Does The Market Care Who Wins The Election?

How can you tell what year it is without a calendar? Just turn on the TV. If you’re assaulted by political attack ads and televised talking heads pushing their partisan agendas, it’s an election year. This year, with the Office of the President up for grabs, the contention has reached new highs:

  • The Democrats claim that Barack Obama simply didn`t have enough time to implement his agenda. He needs is another four years to bring his vision of hope and change to the United States, his supporters say.
  • The Republicans are adamant that Obama failed during his tenure in office, and thus it`s time that the GOP takes over to fix the economy and the damage done by the Democrats.
  • Meanwhile, outsiders like Ron Paul are pushing to turn the system upside down and start over again.

This soap opera plays out every four years in the United States. The various sides battle for the hearts and minds of the public by sowing fear of economic catastrophe if they don`t win. Obvious, history tells us this is not the case. Just what is the truth about the presidential election and the stock market?

Volatility is the rule
While the market generally becomes more volatile during hotly contested election years, the S&P 500 has fallen only 3 times since 1928 during an election year. 2008 was a case in point, when the S&P 500 collapsed over 30%. However, history supports a higher stock market during election years.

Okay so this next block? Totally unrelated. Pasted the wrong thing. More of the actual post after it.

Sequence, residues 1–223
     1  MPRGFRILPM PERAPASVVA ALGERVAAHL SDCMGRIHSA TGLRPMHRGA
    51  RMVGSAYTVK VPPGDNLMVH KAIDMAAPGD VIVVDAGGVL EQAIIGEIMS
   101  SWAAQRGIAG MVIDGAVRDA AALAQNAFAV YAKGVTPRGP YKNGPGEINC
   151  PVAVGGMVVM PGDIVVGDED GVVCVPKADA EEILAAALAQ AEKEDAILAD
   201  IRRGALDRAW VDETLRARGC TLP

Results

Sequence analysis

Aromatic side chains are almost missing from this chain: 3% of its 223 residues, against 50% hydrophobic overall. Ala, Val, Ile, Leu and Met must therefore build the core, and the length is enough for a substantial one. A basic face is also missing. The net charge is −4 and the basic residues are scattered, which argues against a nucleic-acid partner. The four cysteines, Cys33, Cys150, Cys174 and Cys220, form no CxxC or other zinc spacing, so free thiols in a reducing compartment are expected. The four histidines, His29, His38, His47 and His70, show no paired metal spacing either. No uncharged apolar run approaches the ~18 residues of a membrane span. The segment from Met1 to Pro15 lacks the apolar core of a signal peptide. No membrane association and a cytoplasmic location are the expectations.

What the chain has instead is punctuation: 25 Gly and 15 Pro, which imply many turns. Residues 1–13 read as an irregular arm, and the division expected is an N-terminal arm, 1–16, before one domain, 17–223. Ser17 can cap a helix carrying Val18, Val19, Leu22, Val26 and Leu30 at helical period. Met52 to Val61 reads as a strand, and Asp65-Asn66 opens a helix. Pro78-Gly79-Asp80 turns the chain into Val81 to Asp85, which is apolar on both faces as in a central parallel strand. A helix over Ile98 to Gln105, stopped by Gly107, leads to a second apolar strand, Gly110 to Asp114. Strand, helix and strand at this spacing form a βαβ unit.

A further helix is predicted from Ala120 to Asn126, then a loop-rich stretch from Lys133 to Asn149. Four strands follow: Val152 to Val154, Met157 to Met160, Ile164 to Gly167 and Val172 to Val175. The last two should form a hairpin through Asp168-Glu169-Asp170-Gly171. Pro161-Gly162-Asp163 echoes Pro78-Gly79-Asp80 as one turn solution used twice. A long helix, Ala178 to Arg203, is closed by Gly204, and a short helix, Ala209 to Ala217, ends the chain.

History also shows that the volatility leading up to the election is due to the unknown factor about the election, not due to what political party is in the lead. Stocks hate uncertainty, even if it`s over something that doesn’t matter in the long run. The uncertainty is what causes presidential election year volatility.

“Common sense” is debunked
Common sense would seem to dictate that the stock market should perform better under a Republican president than a Democratic one. This is due to the (supposed) lower-taxes, pro-business position of the Republicans and the (supposed) anti- business, high-tax stance of the Democrats.

However, like most dealings in the stock market, the truth doesn’t bear out this “common sense.” In reality, stocks have performed better, on average, during Democratic administrations than Republicans ones. The statistics make it more clear:

  • The average annualized returns for Bush 1, Eisenhower, Bush2, Reagan, Ford, Hoover and Nixon is 0.4%. Take out the 30% decline under Hoover as an outlier and the average return is 4.7%.
  • The average annualized return under the Democratic administrations of Clinton, Truman, Johnson, Roosevelt, Carter and Kennedy was 8.9%.

And in the end … it doesn’t matter
Long-term statistics aside, for active traders it really doesn`t make a difference who wins the Presidential election this year. However, the election cycle supports a positive close on the year. Analysts are expecting 2012 to be an excellent year for active traders as well as longer-term bullish swing traders.

Lime Brokerage LLC is not affiliated with these service providers. Data, information, and material (“content”) is provided for informational and educational purposes only. This content neither is, nor should be construed as an offer, solicitation, or recommendation to buy or sell any securities. Any investment decisions made by the user through the use of such content is solely based on the users independent analysis taking into consideration your financial circumstances, investment objectives, and risk tolerance. Lime Brokerage LLC does not endorse, offer or recommend any of the services provided by any of the above service providers and any service used to execute any trading strategies are solely based on the independent analysis of the user.

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